In our last post we tossed around the idea of more than one Premise of Value, such as “value in use” versus “value in exchange.” Remember that International Glossary of Business Valuation Terms we talked about? Well guess what we’re going to take a look at the Glossary again in this post. Let’s see what it says next to “Standard of Value.”
Standard of Value – the identification of the type of value being utilized in a specific engagement; for example, fair market value, fair value, investment value.
Good grief, seriously? How can there be more than one definition of business value?
Now we’re really starting to wade into the mud. In the appraisal world, the most common standard of value for many of us comes from the U.S. tax code (which frankly has nothing to do with taking a company to market). But valuation issues come up so frequently in the tax world that there is a special definition of value that must be used for tax purposes. So let us introduce to you the one and only Revenue Ruling 59-60, which defines Fair Market Value for gift and estate tax purposes as
…the price at which property would change hands between a willing buyer and a willing seller when the former is not under any compulsion to buy and the latter is not under any compulsion to sell, both parties having reasonable knowledge of the relevant facts.
R.R. 59-60 is another one of those documents that we would be happy to send your way if you’re in desperate need of a sleeping aid. But wait! There actually are a number of very insightful and enlightening points in this document. (Sidebar comment: R.R. 59-60 assumes the subject of a tax-related valuation project is a block of Company stock and thus ultimately is focused on Equity Value. Remember we discussed the difference between Enterprise Value and Equity Value a few posts ago.) ‘Closely held corporations are those corporations the shares of which are owned by a relatively limited number of stockholders. Often the entire issue is held by one family. The result of this situation is that little, if any, trading in the shares takes place. There is, therefore, no established market for the stock and such sales as occur at irregular intervals seldom reflect all of the elements of a representative transaction as defined by the term “fair market value.”’
This definition of Fair Market Value is refined further in federal statute and tax court case law and is relevant for everyone in the U.S. regardless of their state. Decades of memoranda and opinions from the U.S. Tax Court have firmly entrenched the concepts of lack of voting rights, lack of control, lack of marketability, the size of the block of stock and other factors that impact the Fair Market Value of the shares of a business. Discounts for this, that or the next thing are common and appropriate.
When shareholders aren’t getting along, we turn to a different standard of value. Fair Value relates to the rights of minority shareholders and what they’re entitled to receive under certain circumstances. Both statute and case law vary between states but again the focus is on Equity Value. Valuation controversies in this setting generally center around the question of whether a proposed transaction price was “fair” to the shareholder(s) who disagree with the proposed transaction.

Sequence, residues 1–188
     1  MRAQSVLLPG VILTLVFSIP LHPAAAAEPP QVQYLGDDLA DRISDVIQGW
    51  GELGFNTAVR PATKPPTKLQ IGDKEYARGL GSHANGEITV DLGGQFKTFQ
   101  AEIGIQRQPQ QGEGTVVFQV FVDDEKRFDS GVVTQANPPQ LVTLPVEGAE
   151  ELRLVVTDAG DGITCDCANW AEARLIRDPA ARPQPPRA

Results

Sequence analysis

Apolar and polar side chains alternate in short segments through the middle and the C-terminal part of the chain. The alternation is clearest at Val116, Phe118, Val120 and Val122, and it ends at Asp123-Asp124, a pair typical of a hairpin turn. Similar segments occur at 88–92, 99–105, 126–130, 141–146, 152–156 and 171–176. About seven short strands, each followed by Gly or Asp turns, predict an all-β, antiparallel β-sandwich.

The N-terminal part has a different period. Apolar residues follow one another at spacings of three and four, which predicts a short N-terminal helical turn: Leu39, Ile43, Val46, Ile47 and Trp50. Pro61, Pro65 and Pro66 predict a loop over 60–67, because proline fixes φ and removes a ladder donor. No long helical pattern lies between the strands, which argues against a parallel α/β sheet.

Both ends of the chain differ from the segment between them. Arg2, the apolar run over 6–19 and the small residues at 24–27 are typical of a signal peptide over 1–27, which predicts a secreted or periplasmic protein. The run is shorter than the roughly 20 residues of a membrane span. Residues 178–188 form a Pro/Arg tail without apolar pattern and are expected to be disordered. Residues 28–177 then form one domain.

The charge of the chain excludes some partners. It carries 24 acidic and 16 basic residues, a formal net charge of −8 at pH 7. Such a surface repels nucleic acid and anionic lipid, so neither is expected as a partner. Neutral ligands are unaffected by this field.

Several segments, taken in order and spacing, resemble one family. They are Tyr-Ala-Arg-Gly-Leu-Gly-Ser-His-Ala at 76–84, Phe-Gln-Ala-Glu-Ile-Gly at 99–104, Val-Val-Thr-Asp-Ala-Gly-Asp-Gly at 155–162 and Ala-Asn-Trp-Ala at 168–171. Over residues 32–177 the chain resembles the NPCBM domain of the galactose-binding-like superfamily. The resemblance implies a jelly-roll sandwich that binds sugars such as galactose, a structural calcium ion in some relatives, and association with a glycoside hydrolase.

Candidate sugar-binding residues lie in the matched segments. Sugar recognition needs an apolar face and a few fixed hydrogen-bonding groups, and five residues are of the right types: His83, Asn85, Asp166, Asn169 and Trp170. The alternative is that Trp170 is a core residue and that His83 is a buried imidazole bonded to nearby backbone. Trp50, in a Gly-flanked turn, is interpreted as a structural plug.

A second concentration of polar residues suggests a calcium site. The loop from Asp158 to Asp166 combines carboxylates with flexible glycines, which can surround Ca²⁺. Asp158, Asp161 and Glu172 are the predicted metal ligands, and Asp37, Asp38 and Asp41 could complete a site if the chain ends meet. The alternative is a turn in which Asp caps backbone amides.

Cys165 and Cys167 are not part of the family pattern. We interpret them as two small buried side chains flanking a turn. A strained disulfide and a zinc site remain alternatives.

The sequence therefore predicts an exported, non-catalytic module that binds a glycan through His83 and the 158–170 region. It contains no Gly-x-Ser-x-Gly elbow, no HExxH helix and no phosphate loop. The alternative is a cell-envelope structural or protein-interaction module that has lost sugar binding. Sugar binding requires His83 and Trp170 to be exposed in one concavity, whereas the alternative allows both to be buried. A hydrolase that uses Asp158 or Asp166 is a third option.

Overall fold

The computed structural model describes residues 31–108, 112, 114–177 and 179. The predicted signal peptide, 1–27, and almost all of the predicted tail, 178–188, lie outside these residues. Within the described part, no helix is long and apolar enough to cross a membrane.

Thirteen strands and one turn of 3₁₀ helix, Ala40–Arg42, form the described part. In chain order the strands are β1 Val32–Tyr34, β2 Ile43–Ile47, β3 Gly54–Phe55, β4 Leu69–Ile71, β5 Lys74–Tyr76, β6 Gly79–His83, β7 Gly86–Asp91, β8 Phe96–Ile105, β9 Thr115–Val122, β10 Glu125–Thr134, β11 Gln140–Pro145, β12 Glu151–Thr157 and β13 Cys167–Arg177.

There’s actually another use of the words Fair Value that have nothing to do with shareholder lawsuits and everything to do with audited financial statements. That’s a whole ‘nother topic for a whole ‘nother day but suffice it to say that a new valuation credential has been created especially for this purpose.
Another Standard of Value that shows up in the appraisal world is Investment Value. Sometimes called “Value to the Owner,” Investment Value is defined in the Glossary as
Investment Value – the value to a particular investor based on individual investment requirements and expectations.
Investment Value has been interpreted as “if I continue to hold on to this business, what is the value to me?” It’s also been used to describe the perspective of a potential synergistic acquirer: “what am I willing to pay for this business knowing it brings something strategic to our organization we don’t currently have?” Some go so far as to say that all transaction multiples in the M&A market reflect investment value paid by the winning bidder and the specific circumstances of both the buyer and seller, and therefore inherently cannot provide a good representation of the value of the specific business being appraised. The idea is that transaction values get “bid up” in a typical competitive sale process. Interesting concept. Jury’s still out on that one.
The Big Picture theme throughout several of our recent posts is that there is no one singular business valuation number that will be appropriate in all circumstances. This is The Reason why an opinion of value reached by a business appraiser often is not the same as the deal value reached in a third-party sale (after converting from Enterprise Value to Equity Value, if need be).
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Christine Baker is an Accredited Senior Appraiser (”ASA”) and leads the business valuation practice at Charter Capital Partners. She has completed more than 1,000 accredited appraisals in over 20 years for a wide variety of purposes, most of which do not involve “going to market.” She has served on the AICPA Business Valuation Committee, the AICPA Forensic and Valuation Services Executive Committee, the AICPA Accredited in Business Valuation (“ABV”) Committee.